July 25, 2022

The past year has seen renewed efforts by the NHS to get those who need it into adequate and appropriately funded treatment for gambling addiction, but the country still needs more. Since February, the NHS has committed to opening two more specialist treatment clinics located in Stoke-On-Trent and Southampton, divesting large amounts of NHS gambling addiction treatment funding from the gambling industry, and boosting its own spending to ultimately fund these crucial treatment services itself.


Delays have come as well. Original commitments stated that the treatment centres would be open in May, but this deadline was rolled forward in the wake of slow-downs. Once complete, these clinics will increase the UK’s number of potentially life-saving specialist treatment centres by 40% – up from our current meagre count of five.


Problem gambling, like many process addictions, is poorly understood by the average individual, but this condition affects 1 in 200 citizens. Researchers and mental health specialists define gambling addiction as ‘the compulsion to engage persistently with an activity, despite associated negative consequences.’ Negative consequences associated with problem gambling devastate many, and include the obvious financial challenges, but may also include social alienation, harm to family dynamics, or similar relational loss.


Process addictions are thought to originate in the brain’s rewards centre – a circuit board that lights up with dopamine when activities, particularly ones with a level of uncertainty or anticipation such as gambling, are participated in. Over time, the influx of dopamine associated with the harmful activity leads to nervous system dysregulation in a pattern very similar to those associated with substance dependence.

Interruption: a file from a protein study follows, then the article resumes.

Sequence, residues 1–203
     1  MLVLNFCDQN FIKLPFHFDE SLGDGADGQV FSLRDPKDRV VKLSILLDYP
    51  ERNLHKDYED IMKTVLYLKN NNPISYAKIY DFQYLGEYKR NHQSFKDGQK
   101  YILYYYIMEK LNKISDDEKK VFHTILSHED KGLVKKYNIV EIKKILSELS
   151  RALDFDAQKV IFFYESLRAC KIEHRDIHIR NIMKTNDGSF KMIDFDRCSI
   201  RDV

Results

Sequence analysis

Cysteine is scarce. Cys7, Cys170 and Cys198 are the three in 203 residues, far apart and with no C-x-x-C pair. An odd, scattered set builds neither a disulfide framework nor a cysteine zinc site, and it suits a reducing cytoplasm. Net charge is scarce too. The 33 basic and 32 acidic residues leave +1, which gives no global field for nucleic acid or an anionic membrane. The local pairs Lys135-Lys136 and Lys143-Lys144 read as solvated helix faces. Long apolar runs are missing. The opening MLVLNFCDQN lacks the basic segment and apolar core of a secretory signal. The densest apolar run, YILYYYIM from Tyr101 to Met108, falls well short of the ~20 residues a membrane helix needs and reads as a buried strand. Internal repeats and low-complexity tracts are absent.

NHS Commitments: Divesting and Refinancing Gambling Addiction Services

NHS mental health chief Claire Murdoch stated: ‘The opening of two new gambling clinics in May, as a part of our £2.3 billion investment into mental health services, will mean we can help even more people with the most serious gambling problems.


‘It is also absolutely right that the NHS now funds these clinics independently, recognising the harmful effects this addiction can have on the nation’s mental health, and that predatory tactics from gambling companies are part of the problem, not the solution


Historically, the NHS has received substantial financial support from private gambling franchises, with averages from last year including:


  • £1 million from William Hill
  • £4 million from Entain
  • £4 million from Bet365


These businesses profit greatly from the development of gambling addictions in adults and teens, and while nascent gambling support services have perhaps not been in a position to reject funding before, it poses unique conflicts of interest. Reflecting on this, Murdoch stated that industry finance ‘has allowed us to roll out treatment services faster than would have otherwise been possible” but also says the time and motivation are right to move into general NHS funding.


‘Additionally, our clinicians feel there are conflicts of interest in their clinics being part-funded by resources from the gambling industry.’

NHS Commitments: The Clinics